Aktaion (page 480, with art)

Chapter 14: Thebes

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Bakch 337-40 – Euripides, Bakchai

You see the wretched fate of Actaeon, who was torn apart in the meadows by the blood-thirsty hounds he had raised, having boasted that he was superior in the hunt to Artemis. Greek Text

Aischylos, Toxotides fr 241 R – Tragicorum Graecorum Fragmenta 3, p. 346, ed. B. Snell. Gottingen 1971.

Kallimachos, Hymn 5.107-18 to Athena

How many burnt offerings shall the daughter of Cadmus burn in the days to come? How many Aristaeus? – praying that they might see their only son, the young Actaeon, blind. And yet he shall be companion of the chase to great Artemis. But him neither the chase nor comradeship in archery on the hills shall save in that hour, when, albeit unwillingly, he shall behold the beauteous bath of the goddess. Nay, his own dogs shall then devour their former lord. And his mother shall gather the bones of her son, ranging over all the thickets. Greek Text

ApB 3.4.4 – Apollodorus, Biliotheke (Library)

He perished in that way, according to Acusilaus, because Zeus was angry at him for wooing Semele; but according to the more general opinion, it was because he saw Artemis bathing. And they say that the goddess at once transformed him into a deer, and drove mad the fifty dogs in his pack, which devoured him unwittingly. Greek Text

Met 3.138-252 – Ovid, Metamorphoses

Thy grandson, Cadmus, was the first to cast
thy dear felicity in sorrow’s gloom.
Oh, it was pitiful to witness him,
his horns outbranching from his forehead, chased
by dogs that panted for their master’s blood!
If thou shouldst well inquire it will be shown
his sorrow was the crime of Fortune—not
his guilt—for who maintains mistakes are crimes?

Upon a mountain stained with slaughtered game,
the young Hyantian stood. Already day,
increasing to meridian, made decrease
the flitting shadows, and the hot sun shone
betwixt extremes in equal distance. Such
the hour, when speaking to his fellow friends,
the while they wandered by those lonely haunts,
actaeon of Hyantis kindly thus;
“Our nets and steel are stained with slaughtered game,
the day has filled its complement of sport;
now, when Aurora in her saffron car
brings back the light of day, we may again
repair to haunts of sport. Now Phoebus hangs
in middle sky, cleaving the fields with heat.—
enough of toil; take down the knotted nets.”—
all did as he commanded; and they sought
their needed rest.

There is a valley called
Gargaphia; sacred to Diana, dense
with pine trees and the pointed cypress, where,
deep in the woods that fringed the valley’s edge,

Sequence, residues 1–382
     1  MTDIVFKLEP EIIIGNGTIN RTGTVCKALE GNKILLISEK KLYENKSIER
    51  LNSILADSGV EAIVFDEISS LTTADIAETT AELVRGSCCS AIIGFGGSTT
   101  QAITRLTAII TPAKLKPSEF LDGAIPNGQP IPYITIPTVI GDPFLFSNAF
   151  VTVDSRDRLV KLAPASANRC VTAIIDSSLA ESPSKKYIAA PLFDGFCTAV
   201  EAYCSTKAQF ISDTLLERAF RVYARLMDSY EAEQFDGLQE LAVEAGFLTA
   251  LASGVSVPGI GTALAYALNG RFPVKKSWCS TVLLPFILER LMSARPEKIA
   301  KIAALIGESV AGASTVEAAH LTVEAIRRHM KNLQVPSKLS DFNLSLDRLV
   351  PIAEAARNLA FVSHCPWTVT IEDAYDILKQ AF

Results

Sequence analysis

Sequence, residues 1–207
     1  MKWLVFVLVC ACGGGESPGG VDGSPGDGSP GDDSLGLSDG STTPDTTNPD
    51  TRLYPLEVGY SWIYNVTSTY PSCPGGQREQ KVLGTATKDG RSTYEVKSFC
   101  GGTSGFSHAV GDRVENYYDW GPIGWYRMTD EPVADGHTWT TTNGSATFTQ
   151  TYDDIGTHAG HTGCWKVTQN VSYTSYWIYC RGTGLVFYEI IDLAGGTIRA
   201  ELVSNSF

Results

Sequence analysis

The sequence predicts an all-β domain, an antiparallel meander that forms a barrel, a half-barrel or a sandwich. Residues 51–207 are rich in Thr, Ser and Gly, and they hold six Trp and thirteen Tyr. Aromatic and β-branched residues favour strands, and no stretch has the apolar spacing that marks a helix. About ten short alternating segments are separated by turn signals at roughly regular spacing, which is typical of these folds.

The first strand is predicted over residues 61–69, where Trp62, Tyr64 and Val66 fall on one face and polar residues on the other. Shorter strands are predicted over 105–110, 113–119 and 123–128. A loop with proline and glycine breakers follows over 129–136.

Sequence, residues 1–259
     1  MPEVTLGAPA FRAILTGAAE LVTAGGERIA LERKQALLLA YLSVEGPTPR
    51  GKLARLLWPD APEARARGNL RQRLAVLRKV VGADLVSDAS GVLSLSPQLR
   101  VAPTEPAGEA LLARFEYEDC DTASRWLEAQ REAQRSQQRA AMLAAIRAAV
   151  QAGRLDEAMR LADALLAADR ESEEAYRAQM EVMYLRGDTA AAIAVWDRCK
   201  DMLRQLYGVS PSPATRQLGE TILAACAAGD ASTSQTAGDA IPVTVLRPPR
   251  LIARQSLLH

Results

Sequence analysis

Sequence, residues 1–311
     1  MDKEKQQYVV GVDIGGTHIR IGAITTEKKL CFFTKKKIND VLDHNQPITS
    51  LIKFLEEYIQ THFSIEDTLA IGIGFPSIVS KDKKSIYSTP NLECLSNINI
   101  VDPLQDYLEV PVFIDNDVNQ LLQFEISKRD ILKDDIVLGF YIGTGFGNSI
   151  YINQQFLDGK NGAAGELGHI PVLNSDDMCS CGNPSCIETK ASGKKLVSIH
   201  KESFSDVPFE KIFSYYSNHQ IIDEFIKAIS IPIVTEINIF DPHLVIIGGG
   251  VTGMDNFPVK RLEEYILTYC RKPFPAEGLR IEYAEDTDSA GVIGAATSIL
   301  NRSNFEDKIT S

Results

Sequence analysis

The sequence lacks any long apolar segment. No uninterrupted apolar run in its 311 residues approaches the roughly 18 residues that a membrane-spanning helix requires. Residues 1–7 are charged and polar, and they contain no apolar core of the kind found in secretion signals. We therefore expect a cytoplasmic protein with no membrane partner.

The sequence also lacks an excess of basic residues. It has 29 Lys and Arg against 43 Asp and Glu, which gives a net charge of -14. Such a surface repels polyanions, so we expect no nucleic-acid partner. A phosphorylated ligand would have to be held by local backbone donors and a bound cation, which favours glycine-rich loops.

was hollowed in frail sandstone and the soft
white pumice of the hills an arch, so true
it seemed the art of man; for Nature’s touch
ingenious had so fairly wrought the stone,
making the entrance of a grotto cool.
Upon the right a limpid fountain ran,
and babbled, as its lucid channel spread
into a clear pool edged with tender grass.
Here, when a-wearied with exciting sport,
the Sylvan goddess loved to come and bathe
her virgin beauty in the crystal poolContinue Reading  Latin Text

DS 4.81.4-5 – Diodoros Siculus, Library of History

For whether Acteon made an improper use of the spoils of his hunting to satisfy his own desire upon her who has no part in marriage, or whether he was so bold as to assert that as a hunter he was to be preferred above her before whom even gods withdraw from rivalry in the chase, all would agree that the goddess was justified in having become indignant at him. Greek Text

Fab 180 – Hyginus, Fabulae

Actaeon, son of Aristaeus and Autonoe, a shepherd, saw Diana bathing and desired to ravish her. Angry at this, Diana made horns grow on his head, and he was devoured by his own dogs. Latin Text

Bomarzo (provenance), now lost: Attic black-figure cup, Aktaion attacked by dogs

P. Jacobstahl, “Aktaions Tod,” Marburger Jahrbuch für Kunstwissenschaft 5 (1929), p. 2 fig. 2

Beazley Archive Pottery Database

Athens, National Archaeological Museum 488: Attic black-figure lekythos with  Aktaion attacked by dogs

P. Jacobstahl, “Aktaions Tod,” Marburger Jahrbuch für Kunstwissenschaft 5 (1929), p. 3 fig. 4

Arachne (details of flanking women)

Digital LIMC (details of flanking women)

Beazley Archive Pottery Database

Athens, National Archaeological Museum 489: Attic black-figure lekythos with  Aktaion attacked by dogs

P. Jacobstahl, “Aktaions Tod,” Marburger Jahrbuch für Kunstwissenschaft 5 (1929), p. 2 fig. 3

Digital LIMC

Beazley Archive Pottery Database

Athens, National Museum 12767: Attic black-figure white-ground alabastron with Aktaion defending himself from dogs with sword

P. Jacobstahl, “Aktaions Tod,” Marburger Jahrbuch für Kunstwissenschaft 5 (1929), p. 3 fig. 5

Digital LIMC (with views of four women flanking attack)

Beazley Archive Pottery Database (no photos)

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Artistic sources edited by by R. Ross Holloway, Elisha Benjamin Andrews Professor Emeritus, Joukowsky Institute for Archaeology and the Ancient World, Brown Univ., and Frances Van Keuren, Prof. Emerita, Lamar Dodd School of Art, Univ. of Georgia, July 2020

Literary sources edited by Elena Bianchelli, Senior Lecturer of Classical Languages and Culture, Univ. of Georgia, March 2020

 

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